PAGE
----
Moving towards targeted cancer treatment
Scientists are close to discovering how breast cells become cancerous it emerged yesterday. Dr Paul Edwards from Cambridge University has identified a gene called NRG1 which is linked to more than half of all breast cancers and fails to guard against normal cells becoming cancerous. Pinpointing this gene could lead to new strategies to improve diagnosis and treatment.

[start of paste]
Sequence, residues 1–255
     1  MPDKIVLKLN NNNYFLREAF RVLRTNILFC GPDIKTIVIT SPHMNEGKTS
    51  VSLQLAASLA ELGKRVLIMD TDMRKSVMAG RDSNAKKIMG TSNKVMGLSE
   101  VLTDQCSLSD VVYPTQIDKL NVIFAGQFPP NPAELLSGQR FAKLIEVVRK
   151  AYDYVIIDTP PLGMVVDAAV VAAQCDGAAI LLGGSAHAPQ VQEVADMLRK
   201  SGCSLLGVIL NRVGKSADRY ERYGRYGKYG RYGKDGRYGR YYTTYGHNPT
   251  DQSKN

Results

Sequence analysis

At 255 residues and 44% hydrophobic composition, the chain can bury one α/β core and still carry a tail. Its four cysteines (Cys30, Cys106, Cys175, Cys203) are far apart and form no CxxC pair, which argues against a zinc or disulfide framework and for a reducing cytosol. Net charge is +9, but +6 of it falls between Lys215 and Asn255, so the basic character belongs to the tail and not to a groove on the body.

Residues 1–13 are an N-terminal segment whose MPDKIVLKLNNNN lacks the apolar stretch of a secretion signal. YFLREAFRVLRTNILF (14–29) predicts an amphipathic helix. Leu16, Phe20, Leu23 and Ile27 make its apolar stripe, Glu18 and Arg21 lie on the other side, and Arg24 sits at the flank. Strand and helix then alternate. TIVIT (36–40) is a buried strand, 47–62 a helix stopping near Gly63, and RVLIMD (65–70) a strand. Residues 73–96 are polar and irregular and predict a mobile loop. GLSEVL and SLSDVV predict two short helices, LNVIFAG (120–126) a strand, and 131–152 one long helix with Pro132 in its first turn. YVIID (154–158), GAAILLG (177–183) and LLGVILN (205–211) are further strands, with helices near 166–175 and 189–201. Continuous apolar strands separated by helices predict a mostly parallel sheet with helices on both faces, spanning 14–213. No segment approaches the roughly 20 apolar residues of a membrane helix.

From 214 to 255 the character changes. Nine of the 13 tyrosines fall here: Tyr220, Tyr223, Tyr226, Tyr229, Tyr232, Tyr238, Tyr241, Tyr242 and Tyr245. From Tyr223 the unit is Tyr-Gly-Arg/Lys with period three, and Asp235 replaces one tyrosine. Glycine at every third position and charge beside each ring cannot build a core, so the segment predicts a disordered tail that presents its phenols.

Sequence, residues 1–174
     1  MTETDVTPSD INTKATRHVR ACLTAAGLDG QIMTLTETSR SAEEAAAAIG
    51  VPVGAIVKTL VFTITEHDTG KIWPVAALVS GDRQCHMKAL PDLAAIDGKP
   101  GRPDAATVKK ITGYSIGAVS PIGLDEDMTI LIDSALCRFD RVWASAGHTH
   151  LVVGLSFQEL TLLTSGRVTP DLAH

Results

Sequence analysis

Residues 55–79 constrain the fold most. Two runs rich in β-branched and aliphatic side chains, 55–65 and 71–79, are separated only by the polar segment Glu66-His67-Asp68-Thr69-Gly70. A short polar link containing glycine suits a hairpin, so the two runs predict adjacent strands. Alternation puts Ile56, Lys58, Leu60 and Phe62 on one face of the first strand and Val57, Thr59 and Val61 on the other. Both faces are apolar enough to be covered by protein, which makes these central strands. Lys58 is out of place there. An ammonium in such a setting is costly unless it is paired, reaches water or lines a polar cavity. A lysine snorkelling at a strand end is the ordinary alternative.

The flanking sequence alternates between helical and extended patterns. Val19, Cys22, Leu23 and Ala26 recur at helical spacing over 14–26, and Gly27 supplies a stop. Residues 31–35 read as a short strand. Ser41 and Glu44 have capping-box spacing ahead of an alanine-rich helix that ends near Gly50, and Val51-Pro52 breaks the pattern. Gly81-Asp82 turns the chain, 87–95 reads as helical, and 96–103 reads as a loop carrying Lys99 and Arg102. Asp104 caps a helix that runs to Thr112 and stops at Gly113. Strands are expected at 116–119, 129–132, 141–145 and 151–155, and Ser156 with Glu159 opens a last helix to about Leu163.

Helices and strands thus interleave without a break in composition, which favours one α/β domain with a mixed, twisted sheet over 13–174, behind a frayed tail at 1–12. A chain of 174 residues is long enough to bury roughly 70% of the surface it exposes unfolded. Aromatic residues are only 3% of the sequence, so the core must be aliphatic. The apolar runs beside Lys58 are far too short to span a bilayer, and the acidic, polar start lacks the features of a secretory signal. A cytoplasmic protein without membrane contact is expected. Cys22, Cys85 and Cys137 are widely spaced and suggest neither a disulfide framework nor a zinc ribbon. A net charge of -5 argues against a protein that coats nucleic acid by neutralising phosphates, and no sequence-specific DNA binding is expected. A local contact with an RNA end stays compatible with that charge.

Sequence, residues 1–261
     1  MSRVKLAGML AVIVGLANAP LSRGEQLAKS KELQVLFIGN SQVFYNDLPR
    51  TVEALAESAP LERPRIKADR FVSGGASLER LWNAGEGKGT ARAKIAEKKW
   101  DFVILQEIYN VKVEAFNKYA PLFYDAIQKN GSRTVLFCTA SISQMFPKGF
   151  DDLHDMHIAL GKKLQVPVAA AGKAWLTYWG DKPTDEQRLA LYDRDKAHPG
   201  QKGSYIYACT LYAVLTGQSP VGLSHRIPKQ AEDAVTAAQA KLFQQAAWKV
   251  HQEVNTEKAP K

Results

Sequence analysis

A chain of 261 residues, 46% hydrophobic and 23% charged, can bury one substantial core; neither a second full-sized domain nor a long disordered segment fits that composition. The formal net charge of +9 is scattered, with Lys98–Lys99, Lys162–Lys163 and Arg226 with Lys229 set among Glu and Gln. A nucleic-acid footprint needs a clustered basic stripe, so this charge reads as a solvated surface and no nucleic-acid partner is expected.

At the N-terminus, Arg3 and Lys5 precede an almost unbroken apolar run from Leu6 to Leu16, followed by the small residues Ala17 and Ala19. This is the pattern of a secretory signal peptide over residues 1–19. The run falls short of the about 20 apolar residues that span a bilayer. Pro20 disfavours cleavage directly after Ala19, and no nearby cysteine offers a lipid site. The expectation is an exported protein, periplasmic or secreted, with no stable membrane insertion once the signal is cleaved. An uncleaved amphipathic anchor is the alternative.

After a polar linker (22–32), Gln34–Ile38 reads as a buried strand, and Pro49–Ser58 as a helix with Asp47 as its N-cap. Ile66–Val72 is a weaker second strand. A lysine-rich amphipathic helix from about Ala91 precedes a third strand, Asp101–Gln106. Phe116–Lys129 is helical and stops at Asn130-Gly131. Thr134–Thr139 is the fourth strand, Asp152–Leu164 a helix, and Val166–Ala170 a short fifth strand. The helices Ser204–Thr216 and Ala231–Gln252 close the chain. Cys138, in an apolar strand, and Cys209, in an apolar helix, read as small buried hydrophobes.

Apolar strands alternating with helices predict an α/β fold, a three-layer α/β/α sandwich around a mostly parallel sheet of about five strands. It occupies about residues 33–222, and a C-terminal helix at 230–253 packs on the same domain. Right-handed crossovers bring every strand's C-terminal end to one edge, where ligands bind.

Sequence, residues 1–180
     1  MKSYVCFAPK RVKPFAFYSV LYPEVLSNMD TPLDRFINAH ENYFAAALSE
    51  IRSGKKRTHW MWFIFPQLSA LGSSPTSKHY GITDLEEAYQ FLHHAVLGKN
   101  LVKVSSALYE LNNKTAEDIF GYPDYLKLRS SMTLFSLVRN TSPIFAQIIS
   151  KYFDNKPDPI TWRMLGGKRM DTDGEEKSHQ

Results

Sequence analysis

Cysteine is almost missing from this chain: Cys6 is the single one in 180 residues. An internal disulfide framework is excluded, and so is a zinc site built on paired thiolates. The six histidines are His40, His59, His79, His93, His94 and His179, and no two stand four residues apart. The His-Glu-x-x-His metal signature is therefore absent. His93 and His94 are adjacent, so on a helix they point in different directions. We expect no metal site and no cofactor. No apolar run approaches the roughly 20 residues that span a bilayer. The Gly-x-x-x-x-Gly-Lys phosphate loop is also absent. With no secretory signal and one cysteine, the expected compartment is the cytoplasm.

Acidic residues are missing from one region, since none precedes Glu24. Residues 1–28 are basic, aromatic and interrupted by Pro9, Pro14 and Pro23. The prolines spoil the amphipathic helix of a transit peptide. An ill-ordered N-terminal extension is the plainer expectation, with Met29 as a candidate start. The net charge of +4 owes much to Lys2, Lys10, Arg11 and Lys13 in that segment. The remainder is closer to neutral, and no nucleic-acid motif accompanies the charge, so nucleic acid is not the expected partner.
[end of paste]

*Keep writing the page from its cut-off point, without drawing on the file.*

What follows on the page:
Researchers from London’s Imperial College recently discovered how breast cancer spreads. It generally becomes fatal only when it moves around the body so this could pave the way for treatments to stop the disease in its tracks. “The research uncovered the way breast cancer cells hijack healthy cells,” explains Dr Justin Stebbing. “They ‘switch off’ the protective molecules – known as microRNAs – that normally prevent tumour growth, allowing the cancer to thrive.” The next step is to find a drug that can switch the microRNAs back on and stop the cancer spreading.